These days, the site does not generate enough revenue to cover expenses, and I do not have the financial resources to sustain it going forward.

Moreover, I now work long hours in a full-time and physically taxing job, so maintaining and managing the website and publishing new material has become difficult for me.

And finally, after 18 years of writing about scams and hoaxes, I feel that it is time for me to take my fingers off the keyboard and focus on other projects and pastimes.

When I first started Hoax-Slayer, I never dreamed that I would still be working on the project all these years later or that it would become such an important part of my life. It's been a fantastic and engaging experience and one that I will always treasure.

I hope that my work over the years has helped to make the Internet a little safer and thwarted the activities of at least a few scammers and malicious pranksters.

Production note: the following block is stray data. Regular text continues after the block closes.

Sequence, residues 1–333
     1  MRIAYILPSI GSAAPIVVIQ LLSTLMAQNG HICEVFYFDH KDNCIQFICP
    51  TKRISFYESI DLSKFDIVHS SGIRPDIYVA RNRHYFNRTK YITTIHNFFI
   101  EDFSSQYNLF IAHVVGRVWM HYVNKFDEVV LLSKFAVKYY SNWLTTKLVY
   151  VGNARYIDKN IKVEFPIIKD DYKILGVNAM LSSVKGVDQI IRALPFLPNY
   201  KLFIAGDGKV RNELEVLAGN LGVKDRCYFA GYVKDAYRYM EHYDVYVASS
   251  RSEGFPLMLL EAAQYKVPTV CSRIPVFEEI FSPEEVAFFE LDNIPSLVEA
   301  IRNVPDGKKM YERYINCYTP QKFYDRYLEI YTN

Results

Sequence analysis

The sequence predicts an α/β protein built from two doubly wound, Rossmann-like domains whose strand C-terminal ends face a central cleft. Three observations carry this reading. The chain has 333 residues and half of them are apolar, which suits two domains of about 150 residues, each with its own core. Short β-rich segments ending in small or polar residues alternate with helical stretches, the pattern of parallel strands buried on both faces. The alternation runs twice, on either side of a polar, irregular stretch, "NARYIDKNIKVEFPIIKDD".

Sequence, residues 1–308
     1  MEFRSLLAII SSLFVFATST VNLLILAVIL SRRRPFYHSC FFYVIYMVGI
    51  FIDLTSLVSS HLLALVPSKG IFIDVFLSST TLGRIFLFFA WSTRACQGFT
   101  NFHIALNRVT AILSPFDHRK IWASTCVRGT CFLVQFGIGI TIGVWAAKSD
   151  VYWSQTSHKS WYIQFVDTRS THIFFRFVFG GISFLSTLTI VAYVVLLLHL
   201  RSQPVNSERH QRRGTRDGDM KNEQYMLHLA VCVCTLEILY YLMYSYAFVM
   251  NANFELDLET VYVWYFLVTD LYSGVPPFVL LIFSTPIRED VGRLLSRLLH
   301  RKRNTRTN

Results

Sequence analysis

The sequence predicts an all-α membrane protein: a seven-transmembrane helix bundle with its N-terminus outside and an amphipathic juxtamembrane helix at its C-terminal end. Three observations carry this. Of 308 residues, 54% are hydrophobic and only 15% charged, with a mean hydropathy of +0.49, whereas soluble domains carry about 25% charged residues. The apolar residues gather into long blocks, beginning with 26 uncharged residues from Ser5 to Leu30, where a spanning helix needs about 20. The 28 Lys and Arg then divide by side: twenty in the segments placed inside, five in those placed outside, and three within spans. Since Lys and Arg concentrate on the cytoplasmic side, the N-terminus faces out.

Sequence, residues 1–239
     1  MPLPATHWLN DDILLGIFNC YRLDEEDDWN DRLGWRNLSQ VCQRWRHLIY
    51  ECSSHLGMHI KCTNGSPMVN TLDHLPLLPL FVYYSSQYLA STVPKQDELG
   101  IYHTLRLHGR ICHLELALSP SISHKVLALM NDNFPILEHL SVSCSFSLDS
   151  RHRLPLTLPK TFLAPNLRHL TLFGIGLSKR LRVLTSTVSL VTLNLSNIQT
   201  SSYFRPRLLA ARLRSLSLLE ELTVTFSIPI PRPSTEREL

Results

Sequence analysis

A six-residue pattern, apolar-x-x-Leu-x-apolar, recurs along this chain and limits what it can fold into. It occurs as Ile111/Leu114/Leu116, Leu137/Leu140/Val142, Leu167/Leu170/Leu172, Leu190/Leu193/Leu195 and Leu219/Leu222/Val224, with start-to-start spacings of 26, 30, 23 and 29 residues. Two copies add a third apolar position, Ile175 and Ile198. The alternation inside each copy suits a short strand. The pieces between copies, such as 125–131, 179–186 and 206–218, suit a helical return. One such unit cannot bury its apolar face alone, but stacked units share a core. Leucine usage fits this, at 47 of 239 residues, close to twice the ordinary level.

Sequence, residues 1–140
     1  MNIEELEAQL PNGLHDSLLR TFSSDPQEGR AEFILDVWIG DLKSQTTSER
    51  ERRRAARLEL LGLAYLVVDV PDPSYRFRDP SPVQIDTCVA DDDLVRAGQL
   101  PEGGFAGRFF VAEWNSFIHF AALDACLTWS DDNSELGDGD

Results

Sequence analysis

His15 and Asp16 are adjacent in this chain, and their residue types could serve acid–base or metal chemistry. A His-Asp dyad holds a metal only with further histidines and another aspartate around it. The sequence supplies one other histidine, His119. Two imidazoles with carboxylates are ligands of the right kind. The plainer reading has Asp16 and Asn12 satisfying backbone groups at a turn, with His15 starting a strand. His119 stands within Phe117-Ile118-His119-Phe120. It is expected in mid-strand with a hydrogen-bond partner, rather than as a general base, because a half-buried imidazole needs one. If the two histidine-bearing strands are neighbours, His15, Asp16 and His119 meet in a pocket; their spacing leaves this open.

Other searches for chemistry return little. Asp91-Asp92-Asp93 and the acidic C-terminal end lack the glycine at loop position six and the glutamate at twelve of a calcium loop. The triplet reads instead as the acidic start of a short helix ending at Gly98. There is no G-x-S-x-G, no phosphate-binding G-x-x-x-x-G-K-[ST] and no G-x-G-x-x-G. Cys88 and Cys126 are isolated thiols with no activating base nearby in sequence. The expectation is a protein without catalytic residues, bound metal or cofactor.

A Big Thank You

I would also like to thank all of those wonderful people who have supported the project by sharing information from the site, contributing examples of scams and hoaxes, offering suggestions, donating funds, or helping behind the scenes.

I would especially like to thank David White for his tireless contribution to the Hoax-Slayer Facebook Page over many years. David's support has been invaluable, and I can not thank him enough.

Closing Date

Hoax-Slayer will still be around for a few weeks while I wind things down. The site will go offline on May 31, 2021. While I will not be publishing any new posts, you can still access existing material on the site until the date of closure.

Thank you, one and all!

Brett Christensen,
Hoax-Slayer